According to a representative of the Ministry of Culture, Sports and Tourism, cultural industries contributed 2.68% of gross domestic product (GDP) in 2015, this industry contributed approximately $8.081 billion in revenue, or 3 .61% of GDP in 2018 after the implementation of the cultural industries development strategy. The industry provided jobs for over three million workers, which represents 6.1% of the total number of people employed across the country.
The cultural industry has also created learning opportunities for many people, helping to reduce the educational attainment gap between regions; thus contributing to the transformation of cultural heritage into a source of social cohesion, networking and exchange of information and resources in communities.
Furthermore, cultural heritage remains a rich and diverse source of input materials for many cultural industries such as cultural tourism, design, performing arts, music, games, electronics and film; hence, helping to establish competitive advantage, uniqueness and brand identity for these industries in regional and global markets.
Compared to other industries, the cost of reproduction in the cultural industry is low, but the growth rate is high, accounting for more than 7% of global GDP; moreover, it increases regularly each year by an average of 10%. Thus, many countries in the world have promoted the development of the cultural industry and made this industry a leading economic sector.
However, according to Professor Le Thi Cuc of the University of Culture, the cultural industry in Vietnam today is only in the early stages of development, both in theory and in practice. General public perception of the value and role of the cultural industry is still limited.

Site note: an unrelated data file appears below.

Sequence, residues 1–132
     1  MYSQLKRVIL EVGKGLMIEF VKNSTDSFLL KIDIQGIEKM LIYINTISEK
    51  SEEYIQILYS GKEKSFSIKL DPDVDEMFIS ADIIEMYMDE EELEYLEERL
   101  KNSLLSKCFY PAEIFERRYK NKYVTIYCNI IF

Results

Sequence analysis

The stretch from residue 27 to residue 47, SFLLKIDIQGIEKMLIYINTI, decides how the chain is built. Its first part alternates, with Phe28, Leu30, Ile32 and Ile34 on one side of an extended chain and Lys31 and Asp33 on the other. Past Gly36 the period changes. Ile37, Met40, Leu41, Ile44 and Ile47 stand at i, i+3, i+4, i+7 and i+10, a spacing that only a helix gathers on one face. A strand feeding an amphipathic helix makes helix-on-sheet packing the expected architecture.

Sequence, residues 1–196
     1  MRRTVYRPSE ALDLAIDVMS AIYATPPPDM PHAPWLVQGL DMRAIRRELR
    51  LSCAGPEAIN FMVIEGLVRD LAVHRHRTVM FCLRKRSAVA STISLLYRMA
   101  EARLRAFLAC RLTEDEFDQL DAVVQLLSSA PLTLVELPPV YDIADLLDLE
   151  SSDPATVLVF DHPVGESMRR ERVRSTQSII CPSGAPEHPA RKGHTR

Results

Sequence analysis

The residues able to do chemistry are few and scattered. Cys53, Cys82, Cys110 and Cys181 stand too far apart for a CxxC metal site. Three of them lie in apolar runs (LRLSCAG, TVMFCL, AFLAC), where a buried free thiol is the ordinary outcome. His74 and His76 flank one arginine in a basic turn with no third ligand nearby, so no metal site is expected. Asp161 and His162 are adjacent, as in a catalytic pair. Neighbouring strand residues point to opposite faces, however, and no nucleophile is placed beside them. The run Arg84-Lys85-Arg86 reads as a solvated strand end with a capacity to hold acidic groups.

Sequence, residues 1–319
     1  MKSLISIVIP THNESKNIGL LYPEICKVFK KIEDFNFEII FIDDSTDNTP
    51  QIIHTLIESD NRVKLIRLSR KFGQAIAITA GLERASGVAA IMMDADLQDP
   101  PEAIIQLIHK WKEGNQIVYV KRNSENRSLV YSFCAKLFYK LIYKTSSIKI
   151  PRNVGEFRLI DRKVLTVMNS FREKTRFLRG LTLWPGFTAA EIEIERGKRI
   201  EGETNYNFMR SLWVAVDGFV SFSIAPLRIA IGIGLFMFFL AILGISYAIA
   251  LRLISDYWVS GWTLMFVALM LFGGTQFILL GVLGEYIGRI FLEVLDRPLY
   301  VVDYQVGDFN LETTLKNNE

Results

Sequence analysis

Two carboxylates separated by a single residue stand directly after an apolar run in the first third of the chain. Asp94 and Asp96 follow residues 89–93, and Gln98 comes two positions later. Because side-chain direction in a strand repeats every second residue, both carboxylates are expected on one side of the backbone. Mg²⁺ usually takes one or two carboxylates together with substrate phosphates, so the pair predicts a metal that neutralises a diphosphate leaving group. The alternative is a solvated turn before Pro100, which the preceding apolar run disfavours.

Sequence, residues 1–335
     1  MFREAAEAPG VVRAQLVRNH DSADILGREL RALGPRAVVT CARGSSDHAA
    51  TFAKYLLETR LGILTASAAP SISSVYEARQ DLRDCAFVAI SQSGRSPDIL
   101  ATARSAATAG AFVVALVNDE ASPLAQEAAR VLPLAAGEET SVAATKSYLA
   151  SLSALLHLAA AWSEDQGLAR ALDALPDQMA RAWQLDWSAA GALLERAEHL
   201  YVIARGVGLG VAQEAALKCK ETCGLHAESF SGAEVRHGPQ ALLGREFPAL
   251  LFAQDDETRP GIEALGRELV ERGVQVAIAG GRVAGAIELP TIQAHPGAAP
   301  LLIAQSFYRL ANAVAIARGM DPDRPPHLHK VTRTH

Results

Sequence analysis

Subsequently, although there are many potential advantages, the Southeast Asian country still faces difficulties in obtaining the brand name of the cultural industry and the status of Vietnamese cultural soft power in the cultural industry products and services worldwide. Many workshop participants pointed out that Vietnamese cultural products and services are fundamentally uneven in quality, not very applicable, and the vivid expression of cultural identity has limitations.
This causes Vietnamese cultural products and services to fail to show their competitiveness and attractiveness in domestic and international markets. National cultural markets are invaded by industrial cultural products from Korea, Japan and China.
A survey conducted by the National Institute of Cultural and Artistic Studies of Vietnam (VICAS) also showed that Korean culture has strongly penetrated Vietnam’s consumer market. Specifically, 67.4% of Vietnamese watch Korean cinema, which is the highest proportion, and 56.2% of Vietnamese listen to Korean music.
Ms. Nguyen Thi Thu Phuong, Director of VICAS said that the cultural industry is currently a weak link in the mechanism of transforming intangible cultural resources into sustainable cultural products and services, and it is a big challenge that requires finding new solutions as soon as possible. .
The culprit is the difficulty of lack of capital and investment models, the cultural and artistic industries in Vietnam still face significant gaps in the knowledge and skills needed to operate a business in the market mechanism. The ability to forecast, the effectiveness and efficiency of state management, training and human resource management in the direction of better adaptability to the cultural market are still limited while piracy is still popular.
Music producer and musician Quoc Trung said that for the development of a sustainable music industry, it is necessary to have equal valuation, financial support, legal framework and above all state sponsorship for good projects. , whether from public or private entities. Meanwhile, Mr. Lam Tuan Anh of VICAS proposed to change the censorship mechanism from pre-inspection to post-audit, based on the idea of encouraging people’s creativity as much as possible.